So, for example, if I experience my support of X (coerced “vaccination”) as following from my good intention G (to end a pandemic), then I likely have beliefs about the safety and effectiveness of X, the trustworthiness of the sources of my information about X, and so on.
The person who is caught in the fallacy fails to appreciate that another person who would wish to achieve the same goal G (to end a pandemic) may not support the same policy X (coerced “vaccination”) simply because he does not also share numerous other beliefs that link the policy to the goal (such as the safety or effectiveness of the “vaccine” or the trustworthiness of relevant sources of information). Failing to appreciate this, the well-intentioned supporter of the policy in question wrongly imputes ill-intent (“He must not care about the pandemic”) to her opponent.
Why would somebody do that rather than simply accept in good faith her opponent’s disagreement on the facts? Here, the idea of “projection” is relevant. Whereas sometimes people can respectfully agree to disagree on an issue, a person who has justified a policy of imposing upon, and even harming, some people for what she believes is a greater good is a person for whom an admission of error would also be an admission of having done something that, by her own argument, was morally bad. Such a thing can threaten a person’s entire sense of self and many other beliefs that she lives by.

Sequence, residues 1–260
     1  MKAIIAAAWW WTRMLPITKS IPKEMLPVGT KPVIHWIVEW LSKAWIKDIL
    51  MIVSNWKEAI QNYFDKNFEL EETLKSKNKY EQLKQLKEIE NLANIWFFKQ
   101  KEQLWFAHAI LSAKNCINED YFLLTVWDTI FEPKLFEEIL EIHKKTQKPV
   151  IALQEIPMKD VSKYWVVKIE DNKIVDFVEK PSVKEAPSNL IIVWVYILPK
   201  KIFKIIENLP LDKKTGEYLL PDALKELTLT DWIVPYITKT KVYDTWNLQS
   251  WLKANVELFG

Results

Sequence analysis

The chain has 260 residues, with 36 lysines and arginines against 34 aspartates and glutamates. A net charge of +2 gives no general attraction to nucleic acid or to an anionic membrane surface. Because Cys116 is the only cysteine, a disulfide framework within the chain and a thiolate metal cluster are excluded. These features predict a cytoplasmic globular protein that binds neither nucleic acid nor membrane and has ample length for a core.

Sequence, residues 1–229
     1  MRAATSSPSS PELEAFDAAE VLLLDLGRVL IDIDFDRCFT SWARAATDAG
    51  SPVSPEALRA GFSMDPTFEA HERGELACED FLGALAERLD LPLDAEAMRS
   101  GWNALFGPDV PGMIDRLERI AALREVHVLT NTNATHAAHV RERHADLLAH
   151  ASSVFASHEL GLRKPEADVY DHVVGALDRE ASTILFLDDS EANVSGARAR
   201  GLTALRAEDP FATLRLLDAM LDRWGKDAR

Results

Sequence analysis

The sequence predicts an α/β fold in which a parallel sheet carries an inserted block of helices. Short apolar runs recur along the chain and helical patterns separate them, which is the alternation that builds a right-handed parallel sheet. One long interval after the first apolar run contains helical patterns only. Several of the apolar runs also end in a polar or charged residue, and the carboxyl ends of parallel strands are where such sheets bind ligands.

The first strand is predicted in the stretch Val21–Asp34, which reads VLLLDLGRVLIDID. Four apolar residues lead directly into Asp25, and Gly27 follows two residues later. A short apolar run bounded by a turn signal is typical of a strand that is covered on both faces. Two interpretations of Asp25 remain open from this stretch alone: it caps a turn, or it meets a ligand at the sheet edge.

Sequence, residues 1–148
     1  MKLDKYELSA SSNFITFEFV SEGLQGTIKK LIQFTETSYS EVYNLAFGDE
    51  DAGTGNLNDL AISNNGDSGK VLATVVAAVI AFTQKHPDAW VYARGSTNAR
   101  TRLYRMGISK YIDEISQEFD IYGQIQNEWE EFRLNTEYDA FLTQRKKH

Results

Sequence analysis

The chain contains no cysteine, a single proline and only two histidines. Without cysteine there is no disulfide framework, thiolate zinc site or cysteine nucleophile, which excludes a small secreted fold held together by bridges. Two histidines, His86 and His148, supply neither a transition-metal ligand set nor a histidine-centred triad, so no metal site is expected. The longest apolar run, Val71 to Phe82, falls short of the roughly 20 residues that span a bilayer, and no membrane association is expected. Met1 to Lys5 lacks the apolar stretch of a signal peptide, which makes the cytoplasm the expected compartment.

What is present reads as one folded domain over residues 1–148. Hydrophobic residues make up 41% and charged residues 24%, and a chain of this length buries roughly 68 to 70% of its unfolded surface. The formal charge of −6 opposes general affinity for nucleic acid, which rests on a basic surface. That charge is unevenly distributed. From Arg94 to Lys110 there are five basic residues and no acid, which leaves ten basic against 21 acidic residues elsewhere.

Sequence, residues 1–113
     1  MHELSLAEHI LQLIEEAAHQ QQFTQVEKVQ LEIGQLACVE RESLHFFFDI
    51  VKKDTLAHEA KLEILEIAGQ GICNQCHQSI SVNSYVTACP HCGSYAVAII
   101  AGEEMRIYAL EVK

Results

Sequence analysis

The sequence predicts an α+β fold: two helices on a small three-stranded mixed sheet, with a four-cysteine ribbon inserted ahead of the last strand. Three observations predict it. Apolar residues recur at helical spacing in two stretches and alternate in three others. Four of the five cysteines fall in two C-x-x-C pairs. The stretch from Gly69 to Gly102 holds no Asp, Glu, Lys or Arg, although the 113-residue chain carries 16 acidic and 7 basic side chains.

We are now able to understand why fervent supporters of a mainstream-endorsed, widely accepted policy that involves ostensibly well-intended, massive state action that has negative consequences so often call their opponents “far-right” when those opponents start making political headway.
That her opponent opposes her preferred policy of massive state intervention puts him, in her eyes, on the political Right; that he is doing so with ill-intent puts him, in her eyes, on the Far Right.
The “Far Right” slur begins to be hurled when those at whom it is targeted are beginning to succeed among the wider population in casting doubt on the policy that has until that time prevailed unchallenged. Only when challenges to the statist quo begin to be taken seriously in the media, culture and politics, do its supporters feel the need to defend their position.
When the facts are not with them, they have few options other than resorting to ad hominem attacks – and no such attack better fits the false inference of ill-intended opposition to state action than “far-right.” By the same token, no attack better fits the purposes of state actors with an interest in containing a minority opinion that threatens to expose their designs.
“Far-right” is a slur; it is the N-word of politics. All it usually means is, “Here are the people who got far more right than we did.”